Parents of slain Fulton police officer say waiting for justice for their son was ‘agonizing’

FULTON COUNTY, Ga. — The parents of a murdered police officer say they finally got the justice they’ve been waiting on for more than seven years. The man who shot and killed their son was just sentenced to life plus an added 375 years.

In an exclusive interview, the parents of Detective Terence Green spoke to Channel 2′s Tom Jones about their pain and their long road to justice.

Green’s parents say the last seven years waiting on justice has been agonizing. They thought that they would leave this earth before justice arrived. Then they were in court when their son’s killer received a life sentence plus 375 years.

“I said, ‘That’s forever.’ That’s all I thought to myself. ‘That’s forever,’” Bertha Avery Green thought when she heard just how long the man who murdered her son would spend in prison.

Officials say 50-year-old Amanuel Menghesha had faced the death penalty for the 2015 murder of Fulton County Police Officer Terence Green. The death penalty was taken off the table when Menghesha pleaded guilty to malice murder and aggravated assault Friday.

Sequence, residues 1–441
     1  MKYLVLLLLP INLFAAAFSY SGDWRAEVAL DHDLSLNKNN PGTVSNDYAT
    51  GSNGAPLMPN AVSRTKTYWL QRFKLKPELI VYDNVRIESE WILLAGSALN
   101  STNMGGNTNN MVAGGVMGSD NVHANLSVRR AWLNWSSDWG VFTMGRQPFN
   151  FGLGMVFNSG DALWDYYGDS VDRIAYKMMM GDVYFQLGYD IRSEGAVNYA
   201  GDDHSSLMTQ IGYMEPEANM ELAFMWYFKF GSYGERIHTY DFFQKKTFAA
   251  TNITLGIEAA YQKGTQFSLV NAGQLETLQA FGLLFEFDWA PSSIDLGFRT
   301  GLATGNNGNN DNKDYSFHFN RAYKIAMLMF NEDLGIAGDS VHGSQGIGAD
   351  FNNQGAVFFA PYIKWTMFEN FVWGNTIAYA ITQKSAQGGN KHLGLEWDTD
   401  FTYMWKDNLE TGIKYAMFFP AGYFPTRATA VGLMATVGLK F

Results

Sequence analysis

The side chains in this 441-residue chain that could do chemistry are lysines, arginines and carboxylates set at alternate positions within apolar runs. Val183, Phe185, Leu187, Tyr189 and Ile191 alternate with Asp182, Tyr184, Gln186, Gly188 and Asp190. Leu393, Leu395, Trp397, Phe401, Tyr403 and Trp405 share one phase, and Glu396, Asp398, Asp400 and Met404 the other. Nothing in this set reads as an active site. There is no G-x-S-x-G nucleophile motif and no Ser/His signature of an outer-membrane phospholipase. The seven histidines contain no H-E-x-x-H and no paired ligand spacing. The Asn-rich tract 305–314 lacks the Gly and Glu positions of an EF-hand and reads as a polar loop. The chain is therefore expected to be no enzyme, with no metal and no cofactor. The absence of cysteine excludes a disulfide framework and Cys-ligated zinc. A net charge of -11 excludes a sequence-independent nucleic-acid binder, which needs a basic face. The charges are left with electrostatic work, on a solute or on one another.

It ended more than seven years of the Green’s long journey to justice.

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“It was just horrible for me to just wait and wait and wait and wait,” Bertha Green said.

She told Jones she and her husband are are getting older and it shouldn’t have taken this long to get justice.

“I said, ‘What are you all going to do? Wait until we die? We’re on our way,’” she said.

Detective Green, a 22-year veteran of the force, arrived at a shots fired call with other officers on Chastain Way when police say Menghesha ambushed the officers and shot Green in the head, killing him.


Johnny and Bertha Green got the call about 2 a.m. that morning.

“I was tempted not to answer,” father Johnny Green said.

“I just had to hug him. That’s all I could do because I didn’t know what else to do,” Bertha Green said.

The Greens say their deep pain was made worse as the years went by with no movement in the case.

When he was finally sentenced, Bertha Green says Menghesha seemed disaffected by it all.

“No remorse at all. He didn’t look back and say, ‘I’m sorry,’ or anything,” she said. Still, she forgives him. “I have to forgive to live,” she said.

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The Greens say this world lost someone who had so much to give.

“Terence was a good man. He was so good. He cared about people. He was a caring person,” Bertha Green said.


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